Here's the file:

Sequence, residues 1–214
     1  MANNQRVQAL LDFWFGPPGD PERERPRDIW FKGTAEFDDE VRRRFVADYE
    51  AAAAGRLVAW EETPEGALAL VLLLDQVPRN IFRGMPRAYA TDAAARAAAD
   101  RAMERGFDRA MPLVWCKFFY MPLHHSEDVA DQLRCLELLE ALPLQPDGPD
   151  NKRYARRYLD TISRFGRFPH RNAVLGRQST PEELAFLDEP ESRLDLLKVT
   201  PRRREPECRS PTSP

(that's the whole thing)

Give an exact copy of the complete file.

Sequence, residues 1–214
     1  MANNQRVQAL LDFWFGPPGD PERERPRDIW FKGTAEFDDE VRRRFVADYE
    51  AAAAGRLVAW EETPEGALAL VLLLDQVPRN IFRGMPRAYA TDAAARAAAD
   101  RAMERGFDRA MPLVWCKFFY MPLHHSEDVA DQLRCLELLE ALPLQPDGPD
   151  NKRYARRYLD TISRFGRFPH RNAVLGRQST PEELAFLDEP ESRLDLLKVT
   201  PRRREPECRS PTSP